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What happened to WET?

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Call it coincidence, but it is exactly seven and half years since the last release of WET ! It didn't occur to me that seven and half years later, I would be writing up about why WET didn't progress any further! My team was enthused when we release the beta of WET 1.0 and the only path we thought we would go with WET was North. We had been burning the midnight oil, set up a thorough continuous build integration process (Well in those days, it was not as common as and my team was really excited to be a part of a small group of elite developers who were doing it) and had worked quite hard to get WET 1.0 out the door. But destiny had it other ways! While the reason why we couldn't do any further development was a good problem to have, the fact remained that the last public release of WET got pegged to 1.0 beta. It's exactly seven years ago that Qantom had the opportunity to become an outsourced partner to a large networking giant for the SQA of its Unified Communication Server product. Being a small company we had to focus on the revenue earning projects and couldn't focus on WET. This is the part, I believe, where we erred when it came to the development of WET - We never had a proper revenue plan to take WET's development forward. We did work with Thwameva, our sister concern, to offer commercial support but there were no signs of revenue for WET. WET was more of a Scratching a developer's itch and a way for us to say thanks to the glorious opensource community. And without a well defined revenue plan, WET remained stagnant and there was no further development on WET.

During the last few years, there were a few times that I wanted to come and update the home page of WET that it was no longer active but somehow have been putting it off with the hope that someday we would be able to get back to WET and start working on it again. Moreover, the core part of WET was still fully functional and my team was continuing to use it to automate the web management part of the UC server up untill recently. And so I put off the thought to update the project web pages of WET to indicate that it is a dead project. Finally, with a heavy heart we decided that we won't be able to do any further development for WET. Given the current range of browser test tools, I don't think it makes sense any more to use WET for automation. In fact, at Qantom we ourselves don't use WET any more for new projects. Instead we use Selenium for web applications. We only continue to use and maintain WET scripts for our older projects that we had already written in WET. That being said, I am tempted to update this page to sadly state that WET is a Dead project. However I will still hold off on doing this for some more time due to the fact that WET still has organs which can possibly be used by other test automation projects in future. To name a few:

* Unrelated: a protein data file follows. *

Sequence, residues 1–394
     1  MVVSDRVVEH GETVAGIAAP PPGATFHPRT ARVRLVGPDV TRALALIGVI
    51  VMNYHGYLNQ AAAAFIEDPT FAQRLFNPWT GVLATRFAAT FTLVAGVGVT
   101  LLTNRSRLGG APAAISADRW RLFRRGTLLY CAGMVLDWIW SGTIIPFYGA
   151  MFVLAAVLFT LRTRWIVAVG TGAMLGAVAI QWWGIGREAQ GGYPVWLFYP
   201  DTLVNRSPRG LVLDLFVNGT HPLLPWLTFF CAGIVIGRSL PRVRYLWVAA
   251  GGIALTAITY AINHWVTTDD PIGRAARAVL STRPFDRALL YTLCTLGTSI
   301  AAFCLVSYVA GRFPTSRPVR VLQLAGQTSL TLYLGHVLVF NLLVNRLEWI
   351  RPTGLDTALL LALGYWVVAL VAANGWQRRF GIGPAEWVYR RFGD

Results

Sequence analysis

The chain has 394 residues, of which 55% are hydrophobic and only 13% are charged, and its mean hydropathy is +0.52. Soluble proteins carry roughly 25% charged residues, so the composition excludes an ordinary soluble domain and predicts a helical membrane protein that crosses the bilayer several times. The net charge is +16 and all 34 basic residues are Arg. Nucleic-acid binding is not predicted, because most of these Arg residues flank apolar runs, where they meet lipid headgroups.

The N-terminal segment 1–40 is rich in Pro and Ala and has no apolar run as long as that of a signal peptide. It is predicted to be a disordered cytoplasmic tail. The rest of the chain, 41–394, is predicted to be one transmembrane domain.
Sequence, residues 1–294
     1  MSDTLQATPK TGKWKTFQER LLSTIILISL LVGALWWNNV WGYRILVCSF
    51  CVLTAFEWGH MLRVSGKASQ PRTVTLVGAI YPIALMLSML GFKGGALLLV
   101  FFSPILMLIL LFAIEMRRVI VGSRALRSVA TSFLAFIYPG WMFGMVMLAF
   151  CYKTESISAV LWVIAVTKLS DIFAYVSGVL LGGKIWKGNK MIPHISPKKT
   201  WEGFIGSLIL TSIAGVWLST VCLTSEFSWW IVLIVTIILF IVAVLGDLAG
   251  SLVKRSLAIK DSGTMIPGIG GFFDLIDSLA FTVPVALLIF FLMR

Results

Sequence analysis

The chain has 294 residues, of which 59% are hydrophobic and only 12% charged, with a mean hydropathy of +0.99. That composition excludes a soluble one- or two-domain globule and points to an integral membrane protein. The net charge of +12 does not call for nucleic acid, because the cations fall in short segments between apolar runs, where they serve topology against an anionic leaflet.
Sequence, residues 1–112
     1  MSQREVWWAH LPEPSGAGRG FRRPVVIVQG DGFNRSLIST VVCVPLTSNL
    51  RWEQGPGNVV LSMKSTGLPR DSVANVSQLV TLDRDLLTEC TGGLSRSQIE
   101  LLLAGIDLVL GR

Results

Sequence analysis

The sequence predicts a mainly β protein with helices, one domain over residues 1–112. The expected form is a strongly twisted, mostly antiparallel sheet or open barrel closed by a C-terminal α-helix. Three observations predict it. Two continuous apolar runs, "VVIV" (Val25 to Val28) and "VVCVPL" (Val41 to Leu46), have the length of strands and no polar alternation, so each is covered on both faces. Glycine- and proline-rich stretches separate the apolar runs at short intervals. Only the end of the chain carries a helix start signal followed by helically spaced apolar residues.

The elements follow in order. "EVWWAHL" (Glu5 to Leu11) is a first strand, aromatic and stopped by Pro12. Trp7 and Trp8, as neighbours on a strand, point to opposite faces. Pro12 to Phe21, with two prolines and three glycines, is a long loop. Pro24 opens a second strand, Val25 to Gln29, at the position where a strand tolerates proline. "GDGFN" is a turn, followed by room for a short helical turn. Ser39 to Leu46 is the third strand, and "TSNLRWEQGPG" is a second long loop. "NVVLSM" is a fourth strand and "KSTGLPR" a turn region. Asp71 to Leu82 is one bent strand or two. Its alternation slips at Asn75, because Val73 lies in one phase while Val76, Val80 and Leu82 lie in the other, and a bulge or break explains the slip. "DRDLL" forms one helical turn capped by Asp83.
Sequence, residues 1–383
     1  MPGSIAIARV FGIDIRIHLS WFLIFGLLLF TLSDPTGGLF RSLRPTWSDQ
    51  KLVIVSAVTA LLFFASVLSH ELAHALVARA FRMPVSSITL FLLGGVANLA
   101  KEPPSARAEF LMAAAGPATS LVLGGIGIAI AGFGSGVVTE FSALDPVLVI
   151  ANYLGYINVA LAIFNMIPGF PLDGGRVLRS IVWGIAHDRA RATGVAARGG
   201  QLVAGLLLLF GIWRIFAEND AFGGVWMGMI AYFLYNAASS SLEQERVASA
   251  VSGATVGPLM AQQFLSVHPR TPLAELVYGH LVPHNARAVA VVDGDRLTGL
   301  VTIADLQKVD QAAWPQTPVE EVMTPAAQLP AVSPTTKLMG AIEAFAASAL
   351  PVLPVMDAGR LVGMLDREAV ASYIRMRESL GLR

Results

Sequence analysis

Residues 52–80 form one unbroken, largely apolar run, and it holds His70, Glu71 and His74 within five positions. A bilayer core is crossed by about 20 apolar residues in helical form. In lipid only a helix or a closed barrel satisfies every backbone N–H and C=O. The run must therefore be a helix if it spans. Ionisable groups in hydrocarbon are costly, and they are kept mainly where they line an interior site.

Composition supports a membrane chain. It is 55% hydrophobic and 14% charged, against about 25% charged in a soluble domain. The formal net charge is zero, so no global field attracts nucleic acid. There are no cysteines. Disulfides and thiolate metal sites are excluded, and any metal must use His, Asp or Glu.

... and a few more such features. Since WET is released under an opensource license, any budding test tool developer could embed these concepts into his own tool. Hence I will leave the remaining pages of WET as it is in the hope that these are useful to someone.

Before I end, I would like to thank all the erstwhile users of WET who not only supported us during its development but gave us some great testimonials. The mere fact that we had a good following of test automaters using our software was an extremely gratifying tribute to us. I would look forward to developing more tools in future - The lessons learnt from WET will help us do better this time.

Raghu Venkataramana
17th December 2014

WET is a opensource automated web testing tool which uses Watir as the library to drive web pages. WET drives an IE Browser directly and so the automated testing done using WET is equivalent to how a user would drive the web pages. WET extends the scripting abilities of Watir and also offers the convenience of recorders. It is licensed under LGPL and BSD style open source licenses.